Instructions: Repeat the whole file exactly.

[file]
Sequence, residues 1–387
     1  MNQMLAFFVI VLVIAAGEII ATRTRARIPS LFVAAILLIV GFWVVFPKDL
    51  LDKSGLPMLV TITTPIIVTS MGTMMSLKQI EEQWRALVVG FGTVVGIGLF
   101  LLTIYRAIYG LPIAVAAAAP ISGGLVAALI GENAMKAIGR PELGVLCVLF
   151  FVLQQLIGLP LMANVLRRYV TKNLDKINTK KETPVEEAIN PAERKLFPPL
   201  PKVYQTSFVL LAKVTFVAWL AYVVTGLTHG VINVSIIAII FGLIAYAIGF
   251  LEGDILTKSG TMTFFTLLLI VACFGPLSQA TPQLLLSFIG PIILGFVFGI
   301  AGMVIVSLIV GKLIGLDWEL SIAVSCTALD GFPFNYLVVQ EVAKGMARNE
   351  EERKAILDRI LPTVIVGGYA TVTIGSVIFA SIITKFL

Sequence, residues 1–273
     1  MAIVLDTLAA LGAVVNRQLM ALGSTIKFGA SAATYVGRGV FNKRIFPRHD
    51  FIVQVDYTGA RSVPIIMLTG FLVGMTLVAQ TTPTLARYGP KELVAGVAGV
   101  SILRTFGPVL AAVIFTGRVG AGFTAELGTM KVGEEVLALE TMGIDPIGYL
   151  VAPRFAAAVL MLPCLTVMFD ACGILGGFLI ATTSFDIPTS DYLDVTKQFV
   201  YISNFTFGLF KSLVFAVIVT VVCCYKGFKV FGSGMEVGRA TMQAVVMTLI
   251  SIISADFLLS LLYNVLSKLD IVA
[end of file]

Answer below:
Sequence, residues 1–387
     1  MNQMLAFFVI VLVIAAGEII ATRTRARIPS LFVAAILLIV GFWVVFPKDL
    51  LDKSGLPMLV TITTPIIVTS MGTMMSLKQI EEQWRALVVG FGTVVGIGLF
   101  LLTIYRAIYG LPIAVAAAAP ISGGLVAALI GENAMKAIGR PELGVLCVLF
   151  FVLQQLIGLP LMANVLRRYV TKNLDKINTK KETPVEEAIN PAERKLFPPL
   201  PKVYQTSFVL LAKVTFVAWL AYVVTGLTHG VINVSIIAII FGLIAYAIGF
   251  LEGDILTKSG TMTFFTLLLI VACFGPLSQA TPQLLLSFIG PIILGFVFGI
   301  AGMVIVSLIV GKLIGLDWEL SIAVSCTALD GFPFNYLVVQ EVAKGMARNE
   351  EERKAILDRI LPTVIVGGYA TVTIGSVIFA SIITKFL

Sequence, residues 1–273
     1  MAIVLDTLAA LGAVVNRQLM ALGSTIKFGA SAATYVGRGV FNKRIFPRHD
    51  FIVQVDYTGA RSVPIIMLTG FLVGMTLVAQ TTPTLARYGP KELVAGVAGV
   101  SILRTFGPVL AAVIFTGRVG AGFTAELGTM KVGEEVLALE TMGIDPIGYL
   151  VAPRFAAAVL MLPCLTVMFD ACGILGGFLI ATTSFDIPTS DYLDVTKQFV
   201  YISNFTFGLF KSLVFAVIVT VVCCYKGFKV FGSGMEVGRA TMQAVVMTLI
   251  SIISADFLLS LLYNVLSKLD IVA